The U.S. Court of Appeals for the Fifth Circuit's decision last week in Asadi v. G.E. Energy (USA)1 has been hailed as a win for employers because it requires whistleblowers who bring retaliation claims under the Dodd?Frank Wall Street Reform and Consumer Protection Act (Dodd-Frank) to show that they suffered retaliation because they reported potential violations to the U.S. Securities and Exchange Commission (SEC). The Fifth Circuit expressly rejected the position adopted by the SEC in its regulations implementing Dodd-Frank,2 and by the few district courts3 that have addressed the issue. That approach interprets Section 9224 of Dodd-Frank to apply its enhanced protections to certain whistleblowers even if they have not reported their concerns to the SEC.
Although this decision narrows the category of employees who can seek the enhanced protections of Dodd-Frank, it will likely increase the number of whistleblowers who report their concerns to the SEC before, or at least at the same time as, they tell their employer. Plaintiff-side employment or securities lawyers are likely to counsel individuals concerned about reporting securities violations to their employers to report them to the SEC so as to qualify for the enhanced benefits and protections offered by Dodd-Frank. The likely result is that companies learning of potential securities violations will have SEC involvement earlier in their internal investigations of such allegations, and more often.
The controversy addressed in Asadi arose from a seeming inconsistency, or contradiction, between subsections (a) and (h) of 15 U.S.C. § 78u-6. Subsection (a) defines a "whistleblower" as:
any individual who provides, or 2 or more individuals acting jointly who provide, information relating to a violation of the securities laws to the Commission, in a manner established, by rule or regulation, by the Commission.
Subsection (h) lists three categories of activity for which a whistleblower is protected from retaliation:
No employer may discharge, demote, suspend, threaten, harass, directly or indirectly, or in any other manner discriminate against, a whistleblower in the terms and conditions of employment because of any lawful act done by the whistleblower—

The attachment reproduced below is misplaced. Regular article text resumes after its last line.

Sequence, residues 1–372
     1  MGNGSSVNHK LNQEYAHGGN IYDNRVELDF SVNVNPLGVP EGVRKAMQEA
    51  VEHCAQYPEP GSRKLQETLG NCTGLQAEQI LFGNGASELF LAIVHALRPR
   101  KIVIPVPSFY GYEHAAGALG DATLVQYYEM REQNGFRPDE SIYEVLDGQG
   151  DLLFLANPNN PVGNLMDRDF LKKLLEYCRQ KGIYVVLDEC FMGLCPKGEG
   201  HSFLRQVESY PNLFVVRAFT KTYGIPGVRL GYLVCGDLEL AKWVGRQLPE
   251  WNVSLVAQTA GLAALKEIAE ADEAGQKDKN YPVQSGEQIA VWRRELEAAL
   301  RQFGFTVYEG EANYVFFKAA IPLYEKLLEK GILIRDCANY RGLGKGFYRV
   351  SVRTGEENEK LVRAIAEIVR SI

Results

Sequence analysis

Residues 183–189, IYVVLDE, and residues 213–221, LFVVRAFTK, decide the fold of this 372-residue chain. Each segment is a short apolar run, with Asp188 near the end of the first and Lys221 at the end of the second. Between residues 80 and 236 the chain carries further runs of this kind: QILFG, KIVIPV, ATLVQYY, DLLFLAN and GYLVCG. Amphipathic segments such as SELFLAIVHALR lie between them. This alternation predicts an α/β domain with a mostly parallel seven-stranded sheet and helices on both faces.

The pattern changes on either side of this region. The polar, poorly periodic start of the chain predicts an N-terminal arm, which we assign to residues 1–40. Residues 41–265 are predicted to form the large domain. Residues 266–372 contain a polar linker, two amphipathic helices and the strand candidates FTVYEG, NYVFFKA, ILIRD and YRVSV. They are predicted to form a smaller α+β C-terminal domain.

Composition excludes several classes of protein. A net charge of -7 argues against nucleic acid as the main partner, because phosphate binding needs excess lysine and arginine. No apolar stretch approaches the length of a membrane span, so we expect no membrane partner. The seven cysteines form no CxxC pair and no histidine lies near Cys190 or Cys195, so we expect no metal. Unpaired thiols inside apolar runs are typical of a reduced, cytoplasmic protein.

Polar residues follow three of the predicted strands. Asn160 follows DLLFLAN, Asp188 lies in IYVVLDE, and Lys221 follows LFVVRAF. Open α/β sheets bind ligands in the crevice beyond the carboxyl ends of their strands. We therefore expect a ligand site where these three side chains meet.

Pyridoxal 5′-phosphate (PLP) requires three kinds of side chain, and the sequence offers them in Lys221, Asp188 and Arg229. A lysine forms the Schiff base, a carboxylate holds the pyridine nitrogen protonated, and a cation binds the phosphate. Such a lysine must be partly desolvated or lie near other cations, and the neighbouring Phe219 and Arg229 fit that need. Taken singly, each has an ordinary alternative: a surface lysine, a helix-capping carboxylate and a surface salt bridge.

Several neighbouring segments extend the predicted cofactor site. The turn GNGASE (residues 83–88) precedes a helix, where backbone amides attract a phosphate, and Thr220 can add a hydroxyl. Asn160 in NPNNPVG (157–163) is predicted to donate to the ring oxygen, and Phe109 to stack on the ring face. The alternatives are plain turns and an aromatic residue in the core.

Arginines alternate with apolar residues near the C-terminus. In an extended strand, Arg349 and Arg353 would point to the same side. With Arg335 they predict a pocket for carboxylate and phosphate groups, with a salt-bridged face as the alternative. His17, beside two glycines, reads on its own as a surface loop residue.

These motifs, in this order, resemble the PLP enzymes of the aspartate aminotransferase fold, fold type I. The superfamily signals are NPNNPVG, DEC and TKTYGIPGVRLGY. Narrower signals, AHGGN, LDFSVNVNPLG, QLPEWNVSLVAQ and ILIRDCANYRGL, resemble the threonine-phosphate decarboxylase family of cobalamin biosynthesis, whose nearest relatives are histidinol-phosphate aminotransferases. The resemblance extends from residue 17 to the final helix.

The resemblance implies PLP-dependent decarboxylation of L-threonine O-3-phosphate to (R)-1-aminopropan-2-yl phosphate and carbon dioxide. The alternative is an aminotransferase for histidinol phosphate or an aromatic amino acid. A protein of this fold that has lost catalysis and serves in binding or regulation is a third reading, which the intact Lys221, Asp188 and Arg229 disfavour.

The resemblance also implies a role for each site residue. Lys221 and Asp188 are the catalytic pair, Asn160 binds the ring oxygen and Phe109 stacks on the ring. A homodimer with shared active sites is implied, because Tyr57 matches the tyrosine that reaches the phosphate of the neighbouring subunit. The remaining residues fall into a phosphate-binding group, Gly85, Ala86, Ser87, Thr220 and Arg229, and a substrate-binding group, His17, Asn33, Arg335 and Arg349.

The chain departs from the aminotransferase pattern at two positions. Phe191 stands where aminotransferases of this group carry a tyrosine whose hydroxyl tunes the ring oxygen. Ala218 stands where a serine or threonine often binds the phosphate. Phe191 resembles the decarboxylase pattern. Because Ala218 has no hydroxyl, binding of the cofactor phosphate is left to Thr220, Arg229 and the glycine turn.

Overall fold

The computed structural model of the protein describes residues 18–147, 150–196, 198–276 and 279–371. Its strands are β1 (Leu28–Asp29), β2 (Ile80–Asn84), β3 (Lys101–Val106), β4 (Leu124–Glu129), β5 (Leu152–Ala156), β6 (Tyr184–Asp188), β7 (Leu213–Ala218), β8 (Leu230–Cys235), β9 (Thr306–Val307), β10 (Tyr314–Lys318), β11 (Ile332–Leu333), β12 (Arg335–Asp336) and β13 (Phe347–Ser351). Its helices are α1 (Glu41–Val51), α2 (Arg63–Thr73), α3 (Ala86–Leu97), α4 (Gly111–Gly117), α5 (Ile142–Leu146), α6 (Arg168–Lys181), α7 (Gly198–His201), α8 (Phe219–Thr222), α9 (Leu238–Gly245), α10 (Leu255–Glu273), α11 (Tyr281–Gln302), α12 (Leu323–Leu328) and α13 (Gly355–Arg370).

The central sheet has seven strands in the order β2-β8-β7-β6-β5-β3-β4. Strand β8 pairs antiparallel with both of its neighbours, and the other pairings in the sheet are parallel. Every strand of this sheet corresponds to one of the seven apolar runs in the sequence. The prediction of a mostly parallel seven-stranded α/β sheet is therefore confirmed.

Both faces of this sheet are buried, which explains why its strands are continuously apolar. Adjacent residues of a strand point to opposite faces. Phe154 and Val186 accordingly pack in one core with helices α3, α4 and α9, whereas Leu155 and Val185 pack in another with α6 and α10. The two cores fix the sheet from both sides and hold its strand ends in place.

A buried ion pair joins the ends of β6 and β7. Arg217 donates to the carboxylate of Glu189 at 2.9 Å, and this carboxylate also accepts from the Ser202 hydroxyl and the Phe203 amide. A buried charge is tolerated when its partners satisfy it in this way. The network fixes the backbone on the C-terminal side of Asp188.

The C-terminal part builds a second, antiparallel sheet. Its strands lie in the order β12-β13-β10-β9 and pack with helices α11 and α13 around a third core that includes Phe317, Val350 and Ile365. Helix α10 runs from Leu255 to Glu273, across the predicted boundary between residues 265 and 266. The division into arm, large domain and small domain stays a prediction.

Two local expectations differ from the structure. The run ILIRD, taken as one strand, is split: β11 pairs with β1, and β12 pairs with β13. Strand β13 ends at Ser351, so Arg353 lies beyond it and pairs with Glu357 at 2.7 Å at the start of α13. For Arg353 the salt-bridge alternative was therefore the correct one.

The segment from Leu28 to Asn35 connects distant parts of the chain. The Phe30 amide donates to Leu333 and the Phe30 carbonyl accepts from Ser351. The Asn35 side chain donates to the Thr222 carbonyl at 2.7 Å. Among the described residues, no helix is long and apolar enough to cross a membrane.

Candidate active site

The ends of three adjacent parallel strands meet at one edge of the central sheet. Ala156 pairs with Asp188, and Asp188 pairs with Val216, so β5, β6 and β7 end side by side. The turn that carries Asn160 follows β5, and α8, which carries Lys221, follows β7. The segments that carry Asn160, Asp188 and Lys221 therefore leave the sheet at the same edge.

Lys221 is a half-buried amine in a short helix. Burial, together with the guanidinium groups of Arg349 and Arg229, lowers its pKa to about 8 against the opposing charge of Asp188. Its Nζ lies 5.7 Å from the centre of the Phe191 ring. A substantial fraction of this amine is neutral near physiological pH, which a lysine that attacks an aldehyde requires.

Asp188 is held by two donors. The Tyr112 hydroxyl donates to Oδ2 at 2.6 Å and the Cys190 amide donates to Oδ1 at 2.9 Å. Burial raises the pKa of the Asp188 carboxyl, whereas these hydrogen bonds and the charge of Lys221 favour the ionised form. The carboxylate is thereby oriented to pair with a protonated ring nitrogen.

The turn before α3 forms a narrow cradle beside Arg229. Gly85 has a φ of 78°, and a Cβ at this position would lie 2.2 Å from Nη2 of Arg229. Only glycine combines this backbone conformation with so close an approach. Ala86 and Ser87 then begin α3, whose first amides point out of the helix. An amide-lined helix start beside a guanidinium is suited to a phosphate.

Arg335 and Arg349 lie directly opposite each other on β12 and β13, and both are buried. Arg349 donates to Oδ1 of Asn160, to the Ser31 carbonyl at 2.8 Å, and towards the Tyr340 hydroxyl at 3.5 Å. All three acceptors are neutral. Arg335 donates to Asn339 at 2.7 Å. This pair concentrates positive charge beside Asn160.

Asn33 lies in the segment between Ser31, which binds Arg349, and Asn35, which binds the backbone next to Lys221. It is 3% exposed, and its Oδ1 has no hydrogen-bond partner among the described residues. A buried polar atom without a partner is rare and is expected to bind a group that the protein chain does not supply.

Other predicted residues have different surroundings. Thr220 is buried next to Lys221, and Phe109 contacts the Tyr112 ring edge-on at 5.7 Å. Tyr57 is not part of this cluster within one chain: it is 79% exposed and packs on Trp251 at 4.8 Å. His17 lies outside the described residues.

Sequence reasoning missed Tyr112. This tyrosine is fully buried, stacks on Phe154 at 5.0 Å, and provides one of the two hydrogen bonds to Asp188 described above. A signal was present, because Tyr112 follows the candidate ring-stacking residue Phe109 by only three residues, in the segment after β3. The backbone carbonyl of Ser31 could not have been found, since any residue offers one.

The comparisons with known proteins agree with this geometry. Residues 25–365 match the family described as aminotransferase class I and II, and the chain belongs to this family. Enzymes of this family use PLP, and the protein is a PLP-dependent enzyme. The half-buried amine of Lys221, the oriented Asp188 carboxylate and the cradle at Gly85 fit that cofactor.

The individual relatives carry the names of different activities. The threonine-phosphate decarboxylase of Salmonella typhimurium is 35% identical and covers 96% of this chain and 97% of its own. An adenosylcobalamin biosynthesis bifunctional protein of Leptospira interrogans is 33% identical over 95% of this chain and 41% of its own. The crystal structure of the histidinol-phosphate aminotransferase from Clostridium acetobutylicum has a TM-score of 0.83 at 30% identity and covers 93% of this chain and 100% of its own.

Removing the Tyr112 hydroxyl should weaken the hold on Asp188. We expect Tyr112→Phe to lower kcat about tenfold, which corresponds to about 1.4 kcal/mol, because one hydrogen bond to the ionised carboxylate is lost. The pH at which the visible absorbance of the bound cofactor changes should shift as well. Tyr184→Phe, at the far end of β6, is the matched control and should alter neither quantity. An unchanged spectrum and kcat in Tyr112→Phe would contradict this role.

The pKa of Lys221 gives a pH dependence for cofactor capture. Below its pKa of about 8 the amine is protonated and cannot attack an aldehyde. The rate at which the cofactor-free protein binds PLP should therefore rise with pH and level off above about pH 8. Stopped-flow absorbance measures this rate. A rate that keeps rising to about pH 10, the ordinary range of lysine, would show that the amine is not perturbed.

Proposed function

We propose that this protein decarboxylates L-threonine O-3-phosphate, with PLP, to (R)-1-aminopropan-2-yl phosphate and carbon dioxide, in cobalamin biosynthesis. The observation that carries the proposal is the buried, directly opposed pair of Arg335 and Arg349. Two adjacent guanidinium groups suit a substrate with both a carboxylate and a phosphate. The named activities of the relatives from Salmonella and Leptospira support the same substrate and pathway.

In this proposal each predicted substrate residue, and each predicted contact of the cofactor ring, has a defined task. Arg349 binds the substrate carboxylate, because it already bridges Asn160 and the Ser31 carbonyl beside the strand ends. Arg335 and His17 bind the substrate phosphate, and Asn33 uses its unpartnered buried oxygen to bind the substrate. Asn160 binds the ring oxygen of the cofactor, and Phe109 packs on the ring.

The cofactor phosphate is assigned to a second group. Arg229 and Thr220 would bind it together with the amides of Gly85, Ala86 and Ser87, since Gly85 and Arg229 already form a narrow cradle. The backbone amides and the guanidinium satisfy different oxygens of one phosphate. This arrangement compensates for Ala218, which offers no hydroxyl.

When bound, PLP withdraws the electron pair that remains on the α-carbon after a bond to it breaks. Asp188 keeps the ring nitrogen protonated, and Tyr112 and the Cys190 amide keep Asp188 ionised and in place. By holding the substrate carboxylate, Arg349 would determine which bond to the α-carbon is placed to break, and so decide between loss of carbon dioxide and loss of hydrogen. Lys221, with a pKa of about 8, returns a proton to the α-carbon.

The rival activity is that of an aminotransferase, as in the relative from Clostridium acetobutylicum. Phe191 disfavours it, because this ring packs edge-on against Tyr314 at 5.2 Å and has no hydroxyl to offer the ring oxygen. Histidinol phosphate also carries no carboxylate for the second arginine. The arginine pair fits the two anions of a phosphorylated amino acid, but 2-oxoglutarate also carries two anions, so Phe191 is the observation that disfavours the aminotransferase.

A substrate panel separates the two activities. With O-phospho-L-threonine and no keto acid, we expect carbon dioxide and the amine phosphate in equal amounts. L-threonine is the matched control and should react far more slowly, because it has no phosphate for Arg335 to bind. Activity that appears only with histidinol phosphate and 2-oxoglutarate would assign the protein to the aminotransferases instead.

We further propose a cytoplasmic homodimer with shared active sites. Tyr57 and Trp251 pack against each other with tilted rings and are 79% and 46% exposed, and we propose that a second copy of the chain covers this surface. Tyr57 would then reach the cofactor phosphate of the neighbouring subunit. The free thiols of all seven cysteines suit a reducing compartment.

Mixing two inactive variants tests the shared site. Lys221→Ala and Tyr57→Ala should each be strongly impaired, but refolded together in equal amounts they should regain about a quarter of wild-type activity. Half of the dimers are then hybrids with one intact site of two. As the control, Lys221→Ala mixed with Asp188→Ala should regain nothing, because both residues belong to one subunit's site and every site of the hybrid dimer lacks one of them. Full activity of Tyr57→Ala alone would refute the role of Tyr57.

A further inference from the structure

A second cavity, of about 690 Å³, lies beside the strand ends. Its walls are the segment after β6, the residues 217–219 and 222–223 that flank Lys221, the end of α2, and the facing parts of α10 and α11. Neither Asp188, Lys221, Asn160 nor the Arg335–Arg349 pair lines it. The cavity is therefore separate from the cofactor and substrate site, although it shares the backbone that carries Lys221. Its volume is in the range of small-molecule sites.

- in providing information to the Commission in accordance with this section;
- in initiating, testifying in, or assisting in any investigation or judicial or administrative action of the Commission based upon or related to such information; or
- in making disclosures that are required or protected under the Sarbanes-Oxley Act of 2002 (15 U.S.C. 7201 et seq.), the Securities Exchange Act of 1934 (15 U.S.C. 78a et seq.), including section 10A(m) of such Act (15 U.S.C. 78f(m)), section 1513(e) of Title 18, and any other law, rule, or regulation subject to the jurisdiction of the Commission.
The third of those categories does not, on its face, require that the whistleblower have disclosed information to the SEC. The district courts presented with this apparent inconsistency held that it was grounds to "interpret" the term whistleblower as used in the protection provisions to include individuals who engage in the activity described in § 78u-6(h)(1)(A)(iii) even if they have not also made a report to the SEC.5
The Fifth Circuit rejected the reasoning of the district courts and held that there was no justification for judicial interpretation of the term "whistleblower" because (1) the term is defined in the statute and (2) the language of subsection (h)(iii) did not constitute an ambiguity or contradiction. The Fifth Circuit reasoned that subsection (a) defined the term whistleblower and that subsection (h) addressed a completely different question: which activities entitled the whistleblower to protection. The fact that the activities listed in subsection (h)(iii) do not explicitly include reporting to or cooperating with the Commission does not change the definition of the persons who are protected if they engage in those activities.
The Asadi decision is significant not just because it reached a different result than all of the district courts who have considered the question. The Fifth Circuit also rejected the SEC's definition of whistleblower in the final regulations implementing Dodd-Frank that became effective on August 12, 2011.
The Fifth Circuit's decision certainly seems more faithful to the spirit of Dodd-Frank. The statute's whistleblower provisions encourage individuals with information concerning potential securities laws violations to provide the information directly to the SEC. The decision in Asadi involved the anti-retaliation provisions of Section 922 of Dodd-Frank, 15 U.S.C. § 78u-6. That is one of two related provisions that encourage whistleblowers to contact the SEC directly. The other provision of Section 922, and the one that has sparked the most public discussion, gives a whistleblower whose report to the SEC leads to a successful enforcement action the right to a significant monetary reward. As the court in Asadi noted, its decision limits the enhanced protections of Dodd-Frank to those whistleblowers who report to and cooperate with the SEC. Whistleblowers who chose to raise their concerns only internally nonetheless continue to be protected from retaliation by Sarbanes-Oxley.6
Ironically, by encouraging whistleblowers to report potential violations to the SEC, these provisions of Dodd-Frank will make it more difficult for companies to make the self-report, based on a thorough internal investigation and prompt remedial measures, that is incentivized in the Federal Sentencing Guidelines and expressly encouraged in public guidance issued by the Department of Justice, the SEC and other federal regulators, such as the Office of Foreign Assets Control. Moreover, companies will be subject to more SEC oversight of their internal investigations, even when the allegations are entirely unfounded.